The days of the well-planned career path are over. It is rare for a professional to stay in the same industry, let alone the same company, for the majority of their working life today. And the threat of career disruption grows only greater as the pace of digital change increases. Author and expert Whitney Johnson offers her prescription of specific steps you can take to help ensure you stay in control of your own career amid all this unpredictability.
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- Read Time: 6 min
A key driver of AI’s role in the global economy will be how cities deal with technological developments. Many cities plan to become “smart cities” armed with AI-driven processes, like AI-based traffic control systems. But simply adopting these new technologies won’t be enough to guarantee their success. Like organizations and education experts, cities need to assess and prepare for AI-related skills gaps.
It can be easy to get caught up in all the uncertainty and speculation around the future of automation, but when we focus on the future, we may fail to see what’s happening right in front of us. In this audio interview, MIT SMR editor in chief Paul Michelman revisits the work of Accenture researchers Paul Daugherty and H. James Wilson to discuss what’s changed in the AI landscape and what leaders should be thinking about next.
- Research Feature
- Read Time: 20 min
Volatility in an industry should concern not only the companies within it but also the people who work for them. To stay ahead of developments that may disrupt your professional life, you must make two evidence-based diagnoses: How volatile is your industry? And what explains the volatility? The answers will equip you to disrupt your own career preemptively.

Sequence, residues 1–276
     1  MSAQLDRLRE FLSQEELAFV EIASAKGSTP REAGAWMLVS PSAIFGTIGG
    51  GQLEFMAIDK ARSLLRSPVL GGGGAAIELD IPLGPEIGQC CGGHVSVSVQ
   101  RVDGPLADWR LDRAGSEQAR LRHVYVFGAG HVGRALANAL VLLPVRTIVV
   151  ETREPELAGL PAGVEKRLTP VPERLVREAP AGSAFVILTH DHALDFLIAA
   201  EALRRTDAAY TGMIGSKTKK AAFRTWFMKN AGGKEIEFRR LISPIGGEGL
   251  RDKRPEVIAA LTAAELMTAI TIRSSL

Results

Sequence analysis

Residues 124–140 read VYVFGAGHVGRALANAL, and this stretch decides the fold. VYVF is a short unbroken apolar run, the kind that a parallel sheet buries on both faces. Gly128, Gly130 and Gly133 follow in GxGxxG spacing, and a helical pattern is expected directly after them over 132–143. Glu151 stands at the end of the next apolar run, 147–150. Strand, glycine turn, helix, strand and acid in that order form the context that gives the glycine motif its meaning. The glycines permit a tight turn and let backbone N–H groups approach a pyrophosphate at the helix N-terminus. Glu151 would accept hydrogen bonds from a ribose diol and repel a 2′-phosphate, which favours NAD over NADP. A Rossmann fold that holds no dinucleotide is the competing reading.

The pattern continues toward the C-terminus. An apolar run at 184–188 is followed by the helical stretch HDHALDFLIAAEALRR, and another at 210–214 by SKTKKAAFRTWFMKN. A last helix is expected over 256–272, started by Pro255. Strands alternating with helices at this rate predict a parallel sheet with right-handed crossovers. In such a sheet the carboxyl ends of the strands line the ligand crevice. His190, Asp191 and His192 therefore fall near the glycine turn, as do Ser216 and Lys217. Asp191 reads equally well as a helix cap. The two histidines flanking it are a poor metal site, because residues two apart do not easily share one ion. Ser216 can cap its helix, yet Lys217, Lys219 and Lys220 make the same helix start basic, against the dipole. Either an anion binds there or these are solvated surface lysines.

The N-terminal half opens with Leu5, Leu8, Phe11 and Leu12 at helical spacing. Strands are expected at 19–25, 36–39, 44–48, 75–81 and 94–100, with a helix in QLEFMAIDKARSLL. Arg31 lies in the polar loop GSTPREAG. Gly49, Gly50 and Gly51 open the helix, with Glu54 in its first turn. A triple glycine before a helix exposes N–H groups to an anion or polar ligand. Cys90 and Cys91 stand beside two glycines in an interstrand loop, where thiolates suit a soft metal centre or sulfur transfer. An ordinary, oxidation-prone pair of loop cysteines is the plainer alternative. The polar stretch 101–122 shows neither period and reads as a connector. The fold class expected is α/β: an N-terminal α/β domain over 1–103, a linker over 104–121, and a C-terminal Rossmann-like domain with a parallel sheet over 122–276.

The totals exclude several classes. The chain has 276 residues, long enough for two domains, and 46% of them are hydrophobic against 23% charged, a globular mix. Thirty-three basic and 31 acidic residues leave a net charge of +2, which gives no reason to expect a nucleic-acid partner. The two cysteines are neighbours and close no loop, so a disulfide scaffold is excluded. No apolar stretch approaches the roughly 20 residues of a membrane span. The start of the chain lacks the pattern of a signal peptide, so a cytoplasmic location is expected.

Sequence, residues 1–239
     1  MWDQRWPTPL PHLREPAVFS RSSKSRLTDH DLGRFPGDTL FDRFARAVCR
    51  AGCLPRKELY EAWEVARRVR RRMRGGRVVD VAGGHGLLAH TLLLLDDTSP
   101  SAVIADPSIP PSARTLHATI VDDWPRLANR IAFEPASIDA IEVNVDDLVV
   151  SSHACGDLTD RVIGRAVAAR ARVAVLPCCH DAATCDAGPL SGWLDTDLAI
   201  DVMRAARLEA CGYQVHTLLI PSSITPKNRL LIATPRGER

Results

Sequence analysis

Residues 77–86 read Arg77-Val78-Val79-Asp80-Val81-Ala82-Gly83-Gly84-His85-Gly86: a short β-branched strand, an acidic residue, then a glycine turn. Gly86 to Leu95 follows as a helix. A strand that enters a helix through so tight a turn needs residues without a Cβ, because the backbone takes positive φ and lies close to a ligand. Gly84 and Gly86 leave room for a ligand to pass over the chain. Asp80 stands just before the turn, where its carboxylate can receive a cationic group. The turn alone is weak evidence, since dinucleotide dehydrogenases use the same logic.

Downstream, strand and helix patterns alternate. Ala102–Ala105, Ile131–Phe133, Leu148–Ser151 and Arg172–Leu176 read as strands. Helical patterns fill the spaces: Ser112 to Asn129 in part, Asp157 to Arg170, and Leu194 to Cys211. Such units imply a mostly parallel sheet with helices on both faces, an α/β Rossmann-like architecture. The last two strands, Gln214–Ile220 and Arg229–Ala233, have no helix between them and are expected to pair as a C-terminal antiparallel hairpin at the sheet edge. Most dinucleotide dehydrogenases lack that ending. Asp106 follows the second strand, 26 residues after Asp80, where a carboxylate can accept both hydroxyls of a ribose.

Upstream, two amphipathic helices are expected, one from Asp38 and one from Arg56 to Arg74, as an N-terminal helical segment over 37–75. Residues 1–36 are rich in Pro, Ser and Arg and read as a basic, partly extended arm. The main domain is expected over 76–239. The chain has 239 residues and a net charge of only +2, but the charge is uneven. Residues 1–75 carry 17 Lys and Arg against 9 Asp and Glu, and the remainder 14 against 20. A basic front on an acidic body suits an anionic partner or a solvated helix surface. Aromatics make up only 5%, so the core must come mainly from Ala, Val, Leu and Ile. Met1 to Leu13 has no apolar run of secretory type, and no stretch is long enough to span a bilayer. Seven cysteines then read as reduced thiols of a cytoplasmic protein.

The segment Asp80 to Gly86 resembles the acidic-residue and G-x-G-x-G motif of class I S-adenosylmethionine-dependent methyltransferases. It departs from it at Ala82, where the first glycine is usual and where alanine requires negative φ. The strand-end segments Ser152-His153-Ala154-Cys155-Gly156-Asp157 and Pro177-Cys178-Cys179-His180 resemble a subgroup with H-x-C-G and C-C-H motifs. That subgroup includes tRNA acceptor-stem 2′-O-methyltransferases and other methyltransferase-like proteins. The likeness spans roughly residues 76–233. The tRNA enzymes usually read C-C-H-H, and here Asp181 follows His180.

- Read Time: 3 min
It’s remarkable how many people line up either for or against globalization and then dismiss the other side. Who’s right? Neither. We should all be lining up for and against globalization, to retain what is constructive about it while challenging what has become destructive. We need to keep globalization in its place — the marketplace, where it creates value — while keeping it out of the public space, where it has become increasingly destructive.
A new global study finds several new categories of human jobs emerging. These roles are not replacing old ones. They are brand-new positions that complement the tasks performed by AI machines and will require skills and training that have never before been needed.
- Read Time: 4 min
More tasks are being done by cognitive technologies, cutting costs, improving efficiencies, and displacing humans. This may lead to less differentiation between organizations, and a shifting composition of activities within the organization.
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